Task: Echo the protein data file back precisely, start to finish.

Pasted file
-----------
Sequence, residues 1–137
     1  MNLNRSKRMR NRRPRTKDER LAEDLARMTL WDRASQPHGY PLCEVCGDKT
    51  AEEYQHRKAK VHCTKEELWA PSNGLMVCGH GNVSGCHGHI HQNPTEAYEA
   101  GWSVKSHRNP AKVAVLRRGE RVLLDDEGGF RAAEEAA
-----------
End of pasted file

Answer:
Sequence, residues 1–137
     1  MNLNRSKRMR NRRPRTKDER LAEDLARMTL WDRASQPHGY PLCEVCGDKT
    51  AEEYQHRKAK VHCTKEELWA PSNGLMVCGH GNVSGCHGHI HQNPTEAYEA
   101  GWSVKSHRNP AKVAVLRRGE RVLLDDEGGF RAAEEAA